Hyperauxiny in Crown Gall of Tomato
The significance of the finding that the growth disturbance known as crown gall is associated with disturbance in auxin relations (dysauxiny) is discussed with reference to the hypothesis that auxins play roles in normal and in healthy growth of plants and to the causal complex of gall development. Expand
Movement of 2,4-Dichlorophenoxyacetic Acid Stimulus and Its Relation to the Translocation of Organic Food Materials in Plants
The stimulus resulting from treatment with 2,4-dichlorophenoxyacetic acid was not readily translocated from leaves of bean plants whose sugar content was relatively low, such as those exposed to extended periods of darkness or to CO2-free air in light. Expand
Responses of Elodea densa to Growth-Regulating Substances
The principal gross responses noted were axillary bud development, shoot elongation, the number of roots emerging, time and order of their appearance, their lengths, and root-hair development of Elodea. Expand


Starch Hydrolysis in Bean Leaves Following Spraying with Alpha Naphthalene Acetic Acid Emulsion
1. A 1 per cent naphthalene acetic acid-lanolin and water emulsion was sprayed on the upper surfaces of attached bean leaves. The digestion of starch and accumulation of sugars during a period ofExpand
Comparison of Growth Responses Induced in Plants by Naphthalene Acetamide and Naphthalene Acetic Acid
1. A comparison was made of some of the responses of certain plants when treated with naphthalene acetamide and naphthalene acetic acid. 2. Naphthalene acetamide caused growth curvatures when used inExpand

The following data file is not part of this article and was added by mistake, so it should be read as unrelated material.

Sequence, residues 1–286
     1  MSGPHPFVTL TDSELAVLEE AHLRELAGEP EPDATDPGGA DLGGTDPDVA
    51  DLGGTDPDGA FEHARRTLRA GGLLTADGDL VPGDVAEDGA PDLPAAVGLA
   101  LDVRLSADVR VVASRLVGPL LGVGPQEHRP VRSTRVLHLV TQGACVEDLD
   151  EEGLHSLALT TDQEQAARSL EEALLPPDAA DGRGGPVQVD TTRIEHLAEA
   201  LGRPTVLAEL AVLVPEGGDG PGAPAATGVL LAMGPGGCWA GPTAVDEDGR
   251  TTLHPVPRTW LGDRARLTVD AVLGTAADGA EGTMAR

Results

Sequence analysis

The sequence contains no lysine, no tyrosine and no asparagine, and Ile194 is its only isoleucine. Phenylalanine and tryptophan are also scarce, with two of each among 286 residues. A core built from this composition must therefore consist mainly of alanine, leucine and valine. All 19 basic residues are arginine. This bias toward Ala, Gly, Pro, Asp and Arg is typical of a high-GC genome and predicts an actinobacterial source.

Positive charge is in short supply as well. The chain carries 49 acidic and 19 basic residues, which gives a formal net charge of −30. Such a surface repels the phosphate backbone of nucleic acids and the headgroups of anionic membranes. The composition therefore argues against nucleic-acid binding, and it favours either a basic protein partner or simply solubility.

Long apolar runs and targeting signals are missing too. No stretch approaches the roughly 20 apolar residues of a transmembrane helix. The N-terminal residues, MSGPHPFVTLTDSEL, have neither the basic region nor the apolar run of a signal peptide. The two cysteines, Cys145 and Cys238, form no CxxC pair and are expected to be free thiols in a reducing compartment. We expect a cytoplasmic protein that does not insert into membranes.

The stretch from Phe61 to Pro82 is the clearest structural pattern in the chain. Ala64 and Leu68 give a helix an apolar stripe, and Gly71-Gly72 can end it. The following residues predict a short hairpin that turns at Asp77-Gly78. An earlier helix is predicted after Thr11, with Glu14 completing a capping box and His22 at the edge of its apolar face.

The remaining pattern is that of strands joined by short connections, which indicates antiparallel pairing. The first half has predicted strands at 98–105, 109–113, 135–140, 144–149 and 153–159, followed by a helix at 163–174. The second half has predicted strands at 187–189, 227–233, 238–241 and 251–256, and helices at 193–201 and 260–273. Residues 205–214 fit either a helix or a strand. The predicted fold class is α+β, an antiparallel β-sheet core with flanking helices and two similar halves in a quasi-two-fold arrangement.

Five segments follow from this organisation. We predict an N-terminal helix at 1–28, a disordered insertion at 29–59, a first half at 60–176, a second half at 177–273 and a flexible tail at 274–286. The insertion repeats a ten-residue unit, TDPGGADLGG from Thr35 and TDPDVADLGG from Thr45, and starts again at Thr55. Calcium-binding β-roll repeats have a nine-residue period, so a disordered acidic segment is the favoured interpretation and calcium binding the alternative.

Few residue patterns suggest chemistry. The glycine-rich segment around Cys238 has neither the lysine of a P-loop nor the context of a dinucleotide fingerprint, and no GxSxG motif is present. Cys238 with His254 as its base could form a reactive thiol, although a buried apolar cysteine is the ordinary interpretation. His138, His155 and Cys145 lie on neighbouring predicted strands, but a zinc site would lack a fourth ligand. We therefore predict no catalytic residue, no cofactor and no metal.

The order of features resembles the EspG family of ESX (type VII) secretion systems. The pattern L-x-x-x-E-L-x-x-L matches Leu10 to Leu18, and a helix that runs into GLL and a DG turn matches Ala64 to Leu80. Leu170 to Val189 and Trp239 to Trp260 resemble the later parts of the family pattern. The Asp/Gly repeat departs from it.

Effect of Naphthalene Acetic Acid and Naphthalene Acetamide on Nitrogenous and Carbohydrate Constituents of Bean Plants
1. Application of alpha naphthalene acetamide and alpha naphthalene acetic acid to the stems of bean seedlings affected the total amount and distribution of carbohydrate and nitrogenous compounds inExpand
Histological and Physiological Responses of Bean Plants to Alpha Naphthalene Acetamide
Introduction During the past several years, thirty-six growth promoting substances have been tested to determine their effect on the histological development of plants to which they were applied, andExpand
Histological Reactions of Bean Plants to Growth Promoting Substances
1. Apical tumors developed following the application of 3 per cent indoleacetic acid lanolin mixture to cut surfaces of decapitated bean plants may continue development for periods longer than sixExpand
Growth substance studies with vascular plants have probably been emphasized in the past because in these plants correlations, formation of organs, tropisms, and modifications of growth may be studied to better advantage than in algae. Expand
Response of tomato plants to beta - naphthoxyacetic a id
    Response of tomato plants to beta-naphthoxyacetic acid
    • Amer. Jour. Bot
    Tropic responses of leafy plants induced by applications of growth substances
    • Contrib. Boyce Thompson Inst